For those of you who have been following this family’s story, will be familiar with their condition written in my post ‘The Day of Small Beginnings‘, with more details in subsequent posts, and how terrible this accident could be if the child doesn’t recover well.
However, that evening when I was reflecting over the day’s events while going through some old photos, my attention was caught by a photo of Hannah taken many years ago when we had visited a cottage industry fair which was conducting art and craft workshops, and I felt something important impress itself gently on my heart and mind.
Hannah is all concentration ‘making’ a clay pot along with the potter, sharing the same wheel and clay. However, in the second photo, it’s quite clear that it’s the potter who is in control, and the plan for the pot is his. I don’t believe she even noticed the potter getting more clay in the first photo. And It didn’t rob any magic for Hannah who was quite kicked to take the little pot home!
That’s so much like how God graciously works in, through, with and sometimes in spite of us! All it requires is our availability and willingness to engage with our situations, regardless of how powerless our actions may feel. God is certainly in control, and has been moving resources and events even without our noticing. He loves to work with weakness and failure, immaturity and lack of skill, as long as we have the humility to see our need for His presence, involvement, help and guidance; as long as we can see that we are really nothing without Him. He loves to teach us, empower us and see us fly. He is true to His word when He says, ‘My grace is sufficient for you, for my power is made perfect in weakness.’ (1 Corinthians 12:9)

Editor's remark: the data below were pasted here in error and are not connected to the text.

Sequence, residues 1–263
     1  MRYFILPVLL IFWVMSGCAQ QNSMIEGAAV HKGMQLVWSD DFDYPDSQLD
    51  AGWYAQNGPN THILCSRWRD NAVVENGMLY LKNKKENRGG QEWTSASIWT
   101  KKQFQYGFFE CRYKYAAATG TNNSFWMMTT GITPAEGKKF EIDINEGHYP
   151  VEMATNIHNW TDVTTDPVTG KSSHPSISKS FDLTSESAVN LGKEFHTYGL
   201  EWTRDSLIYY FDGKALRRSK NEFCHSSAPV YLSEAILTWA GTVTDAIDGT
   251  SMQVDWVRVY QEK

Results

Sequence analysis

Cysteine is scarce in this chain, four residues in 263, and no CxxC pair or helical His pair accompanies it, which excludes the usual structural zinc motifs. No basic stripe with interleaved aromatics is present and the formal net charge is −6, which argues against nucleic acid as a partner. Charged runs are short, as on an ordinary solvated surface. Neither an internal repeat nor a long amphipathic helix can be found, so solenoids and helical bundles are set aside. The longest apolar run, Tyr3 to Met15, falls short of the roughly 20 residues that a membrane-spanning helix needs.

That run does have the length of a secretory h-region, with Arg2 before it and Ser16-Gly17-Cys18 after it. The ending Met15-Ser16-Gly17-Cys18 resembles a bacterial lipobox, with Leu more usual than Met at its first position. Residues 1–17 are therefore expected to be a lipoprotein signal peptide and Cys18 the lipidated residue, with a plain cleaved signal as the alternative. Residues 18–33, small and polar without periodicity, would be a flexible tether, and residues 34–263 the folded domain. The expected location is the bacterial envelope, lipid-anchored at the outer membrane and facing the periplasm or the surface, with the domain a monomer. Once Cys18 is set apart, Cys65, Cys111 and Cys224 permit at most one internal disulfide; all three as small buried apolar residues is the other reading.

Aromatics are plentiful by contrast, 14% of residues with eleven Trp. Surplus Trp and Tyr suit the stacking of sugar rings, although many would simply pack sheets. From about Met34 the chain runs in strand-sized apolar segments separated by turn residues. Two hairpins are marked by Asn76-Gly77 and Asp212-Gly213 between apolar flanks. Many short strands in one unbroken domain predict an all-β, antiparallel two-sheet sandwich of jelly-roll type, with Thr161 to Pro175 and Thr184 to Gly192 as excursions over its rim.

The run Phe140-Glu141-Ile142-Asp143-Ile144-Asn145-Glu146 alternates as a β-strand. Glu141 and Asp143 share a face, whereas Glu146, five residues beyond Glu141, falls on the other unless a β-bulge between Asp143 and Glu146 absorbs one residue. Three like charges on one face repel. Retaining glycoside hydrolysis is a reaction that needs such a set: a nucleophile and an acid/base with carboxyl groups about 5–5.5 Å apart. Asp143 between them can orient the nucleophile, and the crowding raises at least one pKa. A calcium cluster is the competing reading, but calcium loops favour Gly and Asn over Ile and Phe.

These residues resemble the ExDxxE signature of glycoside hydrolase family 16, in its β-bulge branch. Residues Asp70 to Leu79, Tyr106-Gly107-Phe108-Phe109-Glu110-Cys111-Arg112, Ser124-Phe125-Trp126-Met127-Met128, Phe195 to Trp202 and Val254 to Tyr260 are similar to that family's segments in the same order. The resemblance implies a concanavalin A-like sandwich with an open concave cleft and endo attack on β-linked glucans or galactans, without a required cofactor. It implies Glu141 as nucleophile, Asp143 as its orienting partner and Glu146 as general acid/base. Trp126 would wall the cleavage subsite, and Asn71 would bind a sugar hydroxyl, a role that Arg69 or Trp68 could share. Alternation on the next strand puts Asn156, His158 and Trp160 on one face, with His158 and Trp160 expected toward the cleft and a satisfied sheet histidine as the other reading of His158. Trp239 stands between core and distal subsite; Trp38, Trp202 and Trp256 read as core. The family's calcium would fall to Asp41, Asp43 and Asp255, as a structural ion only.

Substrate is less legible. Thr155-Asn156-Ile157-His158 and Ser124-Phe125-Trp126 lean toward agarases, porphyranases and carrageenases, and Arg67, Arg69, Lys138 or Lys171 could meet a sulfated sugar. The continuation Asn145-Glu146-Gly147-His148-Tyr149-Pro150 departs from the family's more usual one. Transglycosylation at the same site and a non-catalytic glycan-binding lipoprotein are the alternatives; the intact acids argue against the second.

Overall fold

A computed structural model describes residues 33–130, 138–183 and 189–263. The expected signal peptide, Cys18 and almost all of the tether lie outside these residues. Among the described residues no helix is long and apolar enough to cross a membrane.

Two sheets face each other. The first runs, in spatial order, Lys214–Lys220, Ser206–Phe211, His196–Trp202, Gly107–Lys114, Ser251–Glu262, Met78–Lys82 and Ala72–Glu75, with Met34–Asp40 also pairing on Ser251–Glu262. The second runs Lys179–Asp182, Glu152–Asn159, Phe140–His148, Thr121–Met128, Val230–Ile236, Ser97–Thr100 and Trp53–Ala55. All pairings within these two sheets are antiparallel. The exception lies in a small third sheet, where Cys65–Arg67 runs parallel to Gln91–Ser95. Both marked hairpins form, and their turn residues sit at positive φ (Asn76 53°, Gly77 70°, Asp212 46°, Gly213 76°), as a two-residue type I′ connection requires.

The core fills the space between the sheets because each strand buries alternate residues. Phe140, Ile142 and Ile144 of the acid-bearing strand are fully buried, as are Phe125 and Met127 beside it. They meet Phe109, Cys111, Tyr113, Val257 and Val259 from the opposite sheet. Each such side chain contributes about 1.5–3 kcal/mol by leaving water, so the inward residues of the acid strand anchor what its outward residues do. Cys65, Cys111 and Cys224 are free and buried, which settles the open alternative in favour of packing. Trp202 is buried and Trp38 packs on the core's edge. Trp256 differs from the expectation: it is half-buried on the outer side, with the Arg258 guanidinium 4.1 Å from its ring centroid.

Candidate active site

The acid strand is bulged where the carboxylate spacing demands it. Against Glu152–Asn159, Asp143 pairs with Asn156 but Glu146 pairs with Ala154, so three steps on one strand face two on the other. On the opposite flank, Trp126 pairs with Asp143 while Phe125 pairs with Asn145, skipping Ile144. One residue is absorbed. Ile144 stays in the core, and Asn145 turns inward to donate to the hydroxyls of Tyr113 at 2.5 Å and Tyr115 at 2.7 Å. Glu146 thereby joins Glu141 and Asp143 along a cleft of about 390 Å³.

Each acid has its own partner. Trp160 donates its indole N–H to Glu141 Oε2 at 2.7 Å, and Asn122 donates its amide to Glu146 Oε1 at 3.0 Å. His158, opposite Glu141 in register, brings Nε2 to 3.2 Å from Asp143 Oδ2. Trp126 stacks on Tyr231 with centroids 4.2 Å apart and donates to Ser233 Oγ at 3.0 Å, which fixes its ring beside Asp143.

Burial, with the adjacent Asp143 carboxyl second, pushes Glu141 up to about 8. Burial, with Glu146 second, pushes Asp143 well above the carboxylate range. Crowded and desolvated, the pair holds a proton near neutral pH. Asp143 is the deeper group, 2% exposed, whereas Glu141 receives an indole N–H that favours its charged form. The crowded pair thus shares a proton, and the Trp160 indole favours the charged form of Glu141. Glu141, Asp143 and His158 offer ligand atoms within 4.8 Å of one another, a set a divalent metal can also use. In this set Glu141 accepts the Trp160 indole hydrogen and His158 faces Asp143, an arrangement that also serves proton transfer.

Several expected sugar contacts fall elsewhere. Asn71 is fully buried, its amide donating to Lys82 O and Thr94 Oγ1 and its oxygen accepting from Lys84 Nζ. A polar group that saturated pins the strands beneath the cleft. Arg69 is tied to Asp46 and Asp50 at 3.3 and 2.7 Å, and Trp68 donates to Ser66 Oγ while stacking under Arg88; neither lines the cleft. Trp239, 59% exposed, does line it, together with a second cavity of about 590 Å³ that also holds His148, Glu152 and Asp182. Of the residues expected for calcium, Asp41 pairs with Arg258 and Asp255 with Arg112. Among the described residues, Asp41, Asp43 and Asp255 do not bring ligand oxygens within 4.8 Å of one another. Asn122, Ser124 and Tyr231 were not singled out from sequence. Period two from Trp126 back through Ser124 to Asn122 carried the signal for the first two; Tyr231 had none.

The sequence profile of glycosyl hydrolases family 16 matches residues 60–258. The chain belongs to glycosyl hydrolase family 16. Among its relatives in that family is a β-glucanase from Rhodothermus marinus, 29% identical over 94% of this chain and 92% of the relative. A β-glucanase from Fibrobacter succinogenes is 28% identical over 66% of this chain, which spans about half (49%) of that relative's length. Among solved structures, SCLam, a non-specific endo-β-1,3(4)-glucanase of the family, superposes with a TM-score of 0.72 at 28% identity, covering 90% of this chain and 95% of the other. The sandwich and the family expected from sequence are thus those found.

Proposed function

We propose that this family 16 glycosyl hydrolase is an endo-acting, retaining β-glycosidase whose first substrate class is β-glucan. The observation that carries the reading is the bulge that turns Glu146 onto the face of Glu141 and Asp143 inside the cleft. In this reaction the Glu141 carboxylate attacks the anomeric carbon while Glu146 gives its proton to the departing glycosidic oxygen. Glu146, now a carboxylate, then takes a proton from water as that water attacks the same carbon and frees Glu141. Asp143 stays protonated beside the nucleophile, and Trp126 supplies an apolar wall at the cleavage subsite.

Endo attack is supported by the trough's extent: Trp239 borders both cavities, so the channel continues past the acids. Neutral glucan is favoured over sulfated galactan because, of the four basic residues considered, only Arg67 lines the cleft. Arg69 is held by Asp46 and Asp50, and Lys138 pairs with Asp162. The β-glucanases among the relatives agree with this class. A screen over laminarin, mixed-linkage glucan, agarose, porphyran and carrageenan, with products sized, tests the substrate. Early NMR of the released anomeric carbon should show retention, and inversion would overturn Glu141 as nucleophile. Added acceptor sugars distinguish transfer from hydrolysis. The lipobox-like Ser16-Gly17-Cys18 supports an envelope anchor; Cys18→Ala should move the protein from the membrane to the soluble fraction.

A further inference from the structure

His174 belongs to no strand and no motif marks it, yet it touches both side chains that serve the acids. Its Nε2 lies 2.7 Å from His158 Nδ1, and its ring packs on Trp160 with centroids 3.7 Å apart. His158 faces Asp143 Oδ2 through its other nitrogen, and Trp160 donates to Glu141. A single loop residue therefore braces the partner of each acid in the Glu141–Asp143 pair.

As I sat there in the dawning sky of this wondrous truth, letting its waves and billows of brightness wash over me, I saw with ever increasing clarity how this wonderful, deeply loving God had worked, and is continuing to work through the accident, bringing good after good out from it and lavishing everyone concerned with His grace. I saw how multiple tiny decisions made cumulated into life-saving acts.